I am about to proudly forever alter a set of SMC Takumar's, Contax, FD's, and Jena's with EOS mounts and extra blades. They will be put to good use for another 30 years of service instead of collecting dust or just being mistreated by somebody looking for cheaper lenses than a new set of ZE's. I make no apologies about it and I assure you it's necessary to produce the image I want even if you won't be able to tell a difference most people actually do. They may not know what the difference is but they know it's different. That's why Hollywood DP's use vintage glass from the same period as their movie. It gives an aesthetic that can't be achieved with modern CNC made lenses. It gives the image a unique feel which is important to cinematography.


PostPosted: Sun Sep 09, 2012 9:49 am    Post subject: Reply with quote

Thanks for the explanation. You said it so much better than I could.


PostPosted: Sun Sep 09, 2012 5:28 pm    Post subject: Reply with quote

welcome to the forum 4130!

very interesting read, thank you.
you certainly sound like you know what you are talking about and like having much experience doing Video.

that makes me ask you, but also propellor or anybody who can help:
can you point out sites:
- to view fine samples of video taken with ( old ) manual lenses?
- to get info / help making video with manual lenses on - for me personally a NEX, but also on a dSLR, for a beginner?
( I have minor experience with SD video cam only )

thank you,
andreas

edit: just checked out cinema5d.com member Victor Nguyen has suggested in another thread.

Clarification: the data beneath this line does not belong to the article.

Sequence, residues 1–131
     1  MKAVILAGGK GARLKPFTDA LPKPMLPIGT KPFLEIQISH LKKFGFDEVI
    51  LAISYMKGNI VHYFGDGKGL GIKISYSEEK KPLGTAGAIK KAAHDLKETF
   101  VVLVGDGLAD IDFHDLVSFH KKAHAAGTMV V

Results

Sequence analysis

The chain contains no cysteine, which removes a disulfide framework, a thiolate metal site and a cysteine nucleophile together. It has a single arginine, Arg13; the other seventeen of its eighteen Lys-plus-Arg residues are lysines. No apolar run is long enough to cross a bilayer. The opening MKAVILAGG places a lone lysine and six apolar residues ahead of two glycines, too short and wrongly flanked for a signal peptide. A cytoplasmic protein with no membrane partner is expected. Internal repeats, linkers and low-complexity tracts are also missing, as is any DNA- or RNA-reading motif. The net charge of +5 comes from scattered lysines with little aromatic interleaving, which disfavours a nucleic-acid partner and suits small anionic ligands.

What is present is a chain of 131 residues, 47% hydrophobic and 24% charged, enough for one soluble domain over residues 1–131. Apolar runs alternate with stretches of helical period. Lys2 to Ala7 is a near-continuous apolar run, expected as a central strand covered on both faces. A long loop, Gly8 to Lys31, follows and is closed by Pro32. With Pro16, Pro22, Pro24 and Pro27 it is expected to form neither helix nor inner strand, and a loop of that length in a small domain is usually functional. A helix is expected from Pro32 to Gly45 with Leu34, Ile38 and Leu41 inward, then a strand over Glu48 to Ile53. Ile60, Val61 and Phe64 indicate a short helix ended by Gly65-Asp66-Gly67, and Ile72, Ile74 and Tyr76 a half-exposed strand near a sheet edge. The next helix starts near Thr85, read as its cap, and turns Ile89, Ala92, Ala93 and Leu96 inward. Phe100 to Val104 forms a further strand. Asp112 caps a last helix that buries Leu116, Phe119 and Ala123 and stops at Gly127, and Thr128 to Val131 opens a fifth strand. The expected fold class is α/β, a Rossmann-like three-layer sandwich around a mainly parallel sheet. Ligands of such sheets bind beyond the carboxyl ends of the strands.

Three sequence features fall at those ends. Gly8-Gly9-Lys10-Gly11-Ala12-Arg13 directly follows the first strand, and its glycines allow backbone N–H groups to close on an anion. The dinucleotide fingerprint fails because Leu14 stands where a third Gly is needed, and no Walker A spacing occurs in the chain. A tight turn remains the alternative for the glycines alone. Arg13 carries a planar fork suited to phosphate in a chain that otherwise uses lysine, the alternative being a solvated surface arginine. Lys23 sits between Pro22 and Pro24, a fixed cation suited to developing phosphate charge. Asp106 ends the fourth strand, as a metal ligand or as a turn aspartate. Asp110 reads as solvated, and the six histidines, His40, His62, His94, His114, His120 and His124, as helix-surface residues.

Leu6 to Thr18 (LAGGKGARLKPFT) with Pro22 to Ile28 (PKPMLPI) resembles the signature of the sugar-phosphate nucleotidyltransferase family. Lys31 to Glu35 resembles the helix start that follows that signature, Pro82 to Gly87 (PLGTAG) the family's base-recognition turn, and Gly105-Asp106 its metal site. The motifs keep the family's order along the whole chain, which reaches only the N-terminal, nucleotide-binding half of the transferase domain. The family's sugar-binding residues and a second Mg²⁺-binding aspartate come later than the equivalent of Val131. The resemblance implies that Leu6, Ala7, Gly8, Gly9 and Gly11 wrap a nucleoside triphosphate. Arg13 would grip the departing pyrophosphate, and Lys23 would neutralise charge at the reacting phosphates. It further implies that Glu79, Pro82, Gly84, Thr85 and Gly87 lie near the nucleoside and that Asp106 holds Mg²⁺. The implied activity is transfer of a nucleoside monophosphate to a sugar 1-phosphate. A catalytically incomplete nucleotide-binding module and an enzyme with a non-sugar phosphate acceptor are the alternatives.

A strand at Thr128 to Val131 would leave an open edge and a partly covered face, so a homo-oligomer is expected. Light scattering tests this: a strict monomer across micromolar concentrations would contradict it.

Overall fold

sure much talking about manual lenses and their difference of rendering there, great to know that videographers are just as crazy about lenses as photographers Wink
and samples to see too!

a fast fix for recommended settings on a NEX5N for video, resp. what one has to be aware of, maybe has to avoid? still would be very appreciated!


PostPosted: Mon Mar 11, 2013 2:34 am    Post subject: which damping grease Reply with quote

Hi guys,

just arrived here. So funny, if I do the search in google I find this thread, but if I use the forum's search function it states that no topic is found ... strange.

However, just wanted to ask which damping grease you recommend (I know NYE is recommended, but which one exactly...there's a range from light to heavy ...). Furthermore how much should I apply?

Would be great if someone has shot some pics to send me over or post here. At the moment the aperture ring is too loose that I have to fix it with duck tape at the aperture I want.

Thank you for your help!


PostPosted: Thu Jul 04, 2013 3:13 pm    Post subject: Reply with quote

I got this done for a bunch of lenses I have - which was expensive (20 a lens), I did consider doing it by myself, but the longer lenses in particular, taking it apart and reassembling looked quite complex.

It's not so much a case of only being able to adjust exposure more finely - though it helps. I want to have a little bit of leeway when filming documentary stuff to follow subjects into brighter or darker areas, or doing other camera moves where the difference in exposure is just too great between your start frame and end frame, and you don't have an opportunity to light.

I have only ever seen a sudden change in aperture in one film, some later Woody Allen film, perhaps Vicky Christina Barcelona. Following a character from indoors to outside. A bit jarring, but it was a massive change in lighting, and they clearly decided it was better to do suddenly rather than gradually in that case.


PostPosted: Thu Dec 25, 2014 2:09 am    Post subject: Reply with quote

Well, my Canon FD 50mm 1.8 just arrived and I'm waiting for the FD to EOS adapter to use it on my T3i.
Rumors and some youtube videos say that it is possible to control the iris with the adapter, making the adapter itself into a declicked smooth iris ring....
As soon as my adapter and my Tefnon FD 28mm 2.8 arrive I'll test it to make sure....